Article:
21 JULY 1979, Page 24

Dogg's Hamlet, Cahoots Macbeth (Collegiate Theatre) The Philanderer (Lyttleton) Made

and Bruce (Royal Court Theatre Upstairs) There are two stunning theatrical moments in Tom Stoppard's latest Shakespearean spoof. The first is at the end ofthe opening scene of Macbeth around the witches' cauldron when the lights come up to reveal that it is taking place in someone's flat. The second is after the deed is done and Macbeth asks Didst thou hear the noise?' and we hear, from offstage, the wailing of a police siren. Instead of the boring old porter with his interminable knocking on comes a sinister-looking policeman in a trench coat.

The idea for this came from a letter Stoppard received from Czech playwright Pavel Kohout reporting that Czechoslovakia's two most famous actors, Pavel Landovsky and Vlasta Chramostova, had been reduced to performing in what he called the `living-room theatre'. If you lived in Prague you could telephone and have Macbeth performed in the privacy of your own home.

It was sad to see Stoppard squandering so brilliant an idea. As in Night and Day he devalues his serious currency by an excess of wit and jokiness. It seems that he simply can't resist saying the first funny thing that comes into his head — true or false. For example, when the policeman, extravagantly played by Peter Woodthorpe, says, 'I'm giving this party. We have a one-party system' (a rework of the joke in Night and Day in which the African dictator says, 'We have a relatively free press. That is a press run by my relations'), he goes on, in da-da vein, to say `I'm the cream in your coffee, the sugar in your tank, and the breeze blowing down your neck'. It sounds good but it doesn't make true sense; the frisson is lost.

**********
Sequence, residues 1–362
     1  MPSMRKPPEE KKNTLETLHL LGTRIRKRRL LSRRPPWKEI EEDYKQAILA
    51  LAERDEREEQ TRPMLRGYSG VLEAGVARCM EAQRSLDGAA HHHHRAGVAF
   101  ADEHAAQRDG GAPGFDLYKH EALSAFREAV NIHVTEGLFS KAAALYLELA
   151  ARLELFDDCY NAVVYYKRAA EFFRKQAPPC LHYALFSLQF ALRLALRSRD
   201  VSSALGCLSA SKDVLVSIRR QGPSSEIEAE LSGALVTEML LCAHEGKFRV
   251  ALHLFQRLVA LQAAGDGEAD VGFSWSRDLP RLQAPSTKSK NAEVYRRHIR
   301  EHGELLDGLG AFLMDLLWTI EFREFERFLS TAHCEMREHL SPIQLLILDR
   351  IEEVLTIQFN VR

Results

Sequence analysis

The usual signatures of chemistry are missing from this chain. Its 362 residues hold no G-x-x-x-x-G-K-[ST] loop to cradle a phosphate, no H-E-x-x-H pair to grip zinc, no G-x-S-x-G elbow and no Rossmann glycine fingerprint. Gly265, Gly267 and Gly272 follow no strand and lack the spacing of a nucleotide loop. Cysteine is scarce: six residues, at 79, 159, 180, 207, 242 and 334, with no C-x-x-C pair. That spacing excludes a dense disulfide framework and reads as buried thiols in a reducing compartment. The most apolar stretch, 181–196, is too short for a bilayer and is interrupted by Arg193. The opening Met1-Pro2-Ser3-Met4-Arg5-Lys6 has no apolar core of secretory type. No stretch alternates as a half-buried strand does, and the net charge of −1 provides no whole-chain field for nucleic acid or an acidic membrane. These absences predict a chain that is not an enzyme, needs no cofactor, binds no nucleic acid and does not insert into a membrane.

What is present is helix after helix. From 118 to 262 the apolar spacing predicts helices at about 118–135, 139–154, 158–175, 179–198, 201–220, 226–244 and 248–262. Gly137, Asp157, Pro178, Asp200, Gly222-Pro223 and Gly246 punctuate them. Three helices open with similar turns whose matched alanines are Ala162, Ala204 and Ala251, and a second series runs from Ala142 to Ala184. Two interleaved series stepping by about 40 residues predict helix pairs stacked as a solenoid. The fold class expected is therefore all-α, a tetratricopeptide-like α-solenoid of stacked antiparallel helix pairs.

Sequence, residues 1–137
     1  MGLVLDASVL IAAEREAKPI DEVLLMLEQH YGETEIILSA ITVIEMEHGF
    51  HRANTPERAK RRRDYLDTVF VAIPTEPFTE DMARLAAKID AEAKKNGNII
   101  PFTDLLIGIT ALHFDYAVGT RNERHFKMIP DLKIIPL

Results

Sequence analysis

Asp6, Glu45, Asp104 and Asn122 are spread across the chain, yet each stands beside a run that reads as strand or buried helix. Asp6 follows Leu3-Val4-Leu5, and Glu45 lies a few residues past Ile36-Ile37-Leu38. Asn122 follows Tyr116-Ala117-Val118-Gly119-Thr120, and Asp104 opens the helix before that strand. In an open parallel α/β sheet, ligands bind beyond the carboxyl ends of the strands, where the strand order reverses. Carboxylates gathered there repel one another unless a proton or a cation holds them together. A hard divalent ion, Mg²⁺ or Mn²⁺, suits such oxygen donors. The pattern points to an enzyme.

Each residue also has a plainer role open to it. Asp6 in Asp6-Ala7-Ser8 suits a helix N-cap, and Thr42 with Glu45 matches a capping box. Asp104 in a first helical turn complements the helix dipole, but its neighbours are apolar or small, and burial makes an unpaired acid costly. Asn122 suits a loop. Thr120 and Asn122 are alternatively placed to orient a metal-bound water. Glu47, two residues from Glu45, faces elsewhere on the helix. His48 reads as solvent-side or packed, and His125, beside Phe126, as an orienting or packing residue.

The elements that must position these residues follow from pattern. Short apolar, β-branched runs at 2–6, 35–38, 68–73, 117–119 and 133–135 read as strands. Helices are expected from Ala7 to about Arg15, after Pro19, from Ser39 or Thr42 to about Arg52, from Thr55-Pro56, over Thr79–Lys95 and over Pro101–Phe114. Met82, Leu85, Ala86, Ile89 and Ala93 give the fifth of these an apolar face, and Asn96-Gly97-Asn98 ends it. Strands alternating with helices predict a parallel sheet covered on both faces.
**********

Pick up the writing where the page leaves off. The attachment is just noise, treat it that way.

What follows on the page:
Perhaps I am taking Stoppard's wit too seriously. Perhaps he is interested only in words for words' sake and has nothing serious to say, or at least no intention of saying it in these cabaret plays. Certainly, C'ahoot's Macbeth grew sillier and sillier, and unfunnier and unfunnier, as he laboured to spatchcock it together with the first piece of the evening. For me it grew into one of the longest short plays I have seen in somewhile. Dogg's Hamlet is itself a spatchcocked job in which a donnish conceit about language derived from Wittgenstein — the idea that words, like building blocks, can be put to any purpose —is linked with a lightning performance of Hamlet. This is by far the funniest part of thip even ing, especially when an encore is performed in 90 seconds flat. Stoppard here confirms himself as the intellectuals' Ernie Wise.

Ingenious direction by Ed Berman and serious comic acting by his scratch AngloAmerican company (I should like to see the American actor Stephen Newman do a real Macbeth) do not, I fear, save the evening from the author's self indulgence. It is time somebody put Stoppard under artistic restraint.